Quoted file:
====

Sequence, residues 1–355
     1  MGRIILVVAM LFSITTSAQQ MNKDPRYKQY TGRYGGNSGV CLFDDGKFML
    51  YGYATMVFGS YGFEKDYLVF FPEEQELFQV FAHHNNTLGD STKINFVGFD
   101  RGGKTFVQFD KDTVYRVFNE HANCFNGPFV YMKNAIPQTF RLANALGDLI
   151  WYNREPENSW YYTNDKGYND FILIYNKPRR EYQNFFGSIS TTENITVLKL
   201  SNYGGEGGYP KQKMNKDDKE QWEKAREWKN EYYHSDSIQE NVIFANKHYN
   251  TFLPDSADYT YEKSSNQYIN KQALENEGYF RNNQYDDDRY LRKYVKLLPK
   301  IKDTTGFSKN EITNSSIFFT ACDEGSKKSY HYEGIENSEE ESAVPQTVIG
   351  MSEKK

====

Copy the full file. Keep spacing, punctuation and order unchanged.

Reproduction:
Sequence, residues 1–355
     1  MGRIILVVAM LFSITTSAQQ MNKDPRYKQY TGRYGGNSGV CLFDDGKFML
    51  YGYATMVFGS YGFEKDYLVF FPEEQELFQV FAHHNNTLGD STKINFVGFD
   101  RGGKTFVQFD KDTVYRVFNE HANCFNGPFV YMKNAIPQTF RLANALGDLI
   151  WYNREPENSW YYTNDKGYND FILIYNKPRR EYQNFFGSIS TTENITVLKL
   201  SNYGGEGGYP KQKMNKDDKE QWEKAREWKN EYYHSDSIQE NVIFANKHYN
   251  TFLPDSADYT YEKSSNQYIN KQALENEGYF RNNQYDDDRY LRKYVKLLPK
   301  IKDTTGFSKN EITNSSIFFT ACDEGSKKSY HYEGIENSEE ESAVPQTVIG
   351  MSEKK